In the councils of the Anunnaki on the eve of the calamity, it was Enki who stood alone in opposition to the use of the forbidden weapons. It was thus important for Enki to explain to the suffering remnants how that turning point in the saga of extraterrestrials who had meant well but ended as destroyers had come to pass. And who but Ea/Enki, who was the first to come and an eyewitness to it all, was most qualified to tell the Past so that the Future could be divined? And the best way to tell it all was as a first-person report by Enki himself.

    That he had recorded his autobiography is certain, for a long text (stretching over at least twelve tablets) discovered in the library of Nippur quotes Enki as saying

 

    When I approached Earth,
        There was much flooding.

    When I neared its green meadows,
        Heaps and mounds were piled up
        At my command.

    In a pure place I built my house,
        An appropriate name I gave it.

 

    The long text continues to describe how Ea/Enki then assigned tasks to his lieutenants, putting their Mission to Earth in Motion.

    Numerous other texts that relate varied aspects of Enki’s role in the ensuing developments serve to complete Enki’s tale. They include a cosmogony, an Epic of Creation, at whose core lay Enki’s own text, which scholars call The Eridu Genesis. They include detailed descriptions of the fashioning of the Adam. They describe how other Anunnaki, male and female, came to Enki in his city Eridu to obtain from him the ME – a kind of data-disc that encoded all aspects of civilization; and they include texts of Enki’s private life and personal problems, such as the tale of his attempts to attain a son by his half sister Ninharsag, his promiscuous affairs with both goddesses and the Daughters of Man, and the unforeseen consequences thereof. The Atra Hasis text throws light on Anu’s efforts to prevent a flare-up of the Enki/Enlil rivalries by dividing Earth’s domains between them; and texts recording the events preceding the Deluge render almost verbatim the debates in the Council of the Gods about the fate of Mankind and Enki’s subterfuge known as the tale of Noah and the ark – a tale known only from the Bible until one of its original Mesopotamian versions was found in the tablets of the Epic of Gilgamesh.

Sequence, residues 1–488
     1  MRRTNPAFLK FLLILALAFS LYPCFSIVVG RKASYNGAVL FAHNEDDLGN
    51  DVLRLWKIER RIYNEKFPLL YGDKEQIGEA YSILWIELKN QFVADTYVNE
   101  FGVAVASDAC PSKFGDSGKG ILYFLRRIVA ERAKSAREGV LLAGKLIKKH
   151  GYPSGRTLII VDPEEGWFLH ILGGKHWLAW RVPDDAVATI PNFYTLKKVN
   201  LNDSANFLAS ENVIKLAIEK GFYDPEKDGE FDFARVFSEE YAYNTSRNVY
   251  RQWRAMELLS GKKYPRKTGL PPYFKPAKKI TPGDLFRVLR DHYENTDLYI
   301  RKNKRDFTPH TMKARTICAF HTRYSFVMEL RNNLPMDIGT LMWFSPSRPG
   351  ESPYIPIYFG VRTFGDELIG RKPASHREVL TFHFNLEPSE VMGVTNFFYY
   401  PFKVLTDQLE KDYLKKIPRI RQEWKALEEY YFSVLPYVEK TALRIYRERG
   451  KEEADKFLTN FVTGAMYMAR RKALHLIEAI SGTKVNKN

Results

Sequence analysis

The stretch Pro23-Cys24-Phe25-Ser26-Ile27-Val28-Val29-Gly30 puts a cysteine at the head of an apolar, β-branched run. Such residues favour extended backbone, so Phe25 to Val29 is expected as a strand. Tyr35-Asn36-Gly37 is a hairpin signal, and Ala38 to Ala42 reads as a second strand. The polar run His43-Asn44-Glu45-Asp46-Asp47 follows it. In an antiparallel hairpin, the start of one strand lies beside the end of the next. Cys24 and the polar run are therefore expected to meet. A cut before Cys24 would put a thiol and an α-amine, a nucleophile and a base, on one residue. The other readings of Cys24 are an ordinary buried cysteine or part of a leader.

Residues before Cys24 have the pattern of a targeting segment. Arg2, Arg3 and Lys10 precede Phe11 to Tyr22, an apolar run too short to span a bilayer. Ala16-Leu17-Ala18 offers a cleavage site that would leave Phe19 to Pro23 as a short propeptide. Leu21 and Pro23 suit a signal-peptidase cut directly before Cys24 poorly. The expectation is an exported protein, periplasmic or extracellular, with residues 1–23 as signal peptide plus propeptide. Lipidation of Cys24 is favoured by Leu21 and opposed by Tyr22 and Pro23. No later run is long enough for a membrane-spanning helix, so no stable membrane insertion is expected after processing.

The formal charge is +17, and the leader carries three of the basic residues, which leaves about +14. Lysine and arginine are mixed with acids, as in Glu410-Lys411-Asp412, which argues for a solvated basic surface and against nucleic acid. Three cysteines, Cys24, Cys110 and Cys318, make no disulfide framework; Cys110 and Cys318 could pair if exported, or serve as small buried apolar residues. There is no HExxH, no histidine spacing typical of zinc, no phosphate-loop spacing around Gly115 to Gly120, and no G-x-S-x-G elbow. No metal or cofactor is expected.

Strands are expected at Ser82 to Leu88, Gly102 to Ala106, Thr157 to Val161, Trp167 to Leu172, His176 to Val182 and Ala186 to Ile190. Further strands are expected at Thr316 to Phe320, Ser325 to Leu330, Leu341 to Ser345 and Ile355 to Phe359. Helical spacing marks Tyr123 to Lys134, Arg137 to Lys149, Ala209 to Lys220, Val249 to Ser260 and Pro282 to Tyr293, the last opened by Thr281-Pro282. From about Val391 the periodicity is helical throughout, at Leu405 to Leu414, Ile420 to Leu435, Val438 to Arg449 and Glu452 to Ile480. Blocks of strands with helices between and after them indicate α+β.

Sumerian and Akkadian clay tablets; Babylonian and Assyrian temple libraries; Egyptian, Hittite, and Canaanite "myths"; and the biblical narratives are the main body of written-down memories of the affairs of gods and men. For the first time ever, this dispersed and fragmented material has been assembled and used by Zecharia Sitchin to re-create the eyewitness account of Enki – the autobiographical memoirs and insightful prophecies of an extraterrestrial god.

    Presented as a text dictated by Enki to a chosen scribe, a Book of Witnessing to be unsealed at an appropriate time, it brings to mind Yahweh’s instructions to the Prophet Isaiah (seventh century BC):

 

    Now come,
    Write it on a sealed tablet,
        As a book engrave it;

    Let it be a witnessing until the last day,
        A testimony for all time.

                                                                                                    Isaiah 30:8

 

    In dealing with the past, Enki himself perceived the future. The notion that the Anunnaki, exercising free will, were masters of their own fates (as well as the fate of Mankind) gave way, in the end, to a realization that it was Destiny that, when all was said and done, determined the course of events; and therefore – as the Hebrew Prophets had recognized – the First Things shall be the Last Things.

    The record of events dictated by Enki thus becomes a foundation for Prophecy, and the Past becomes the Future.

*    *    *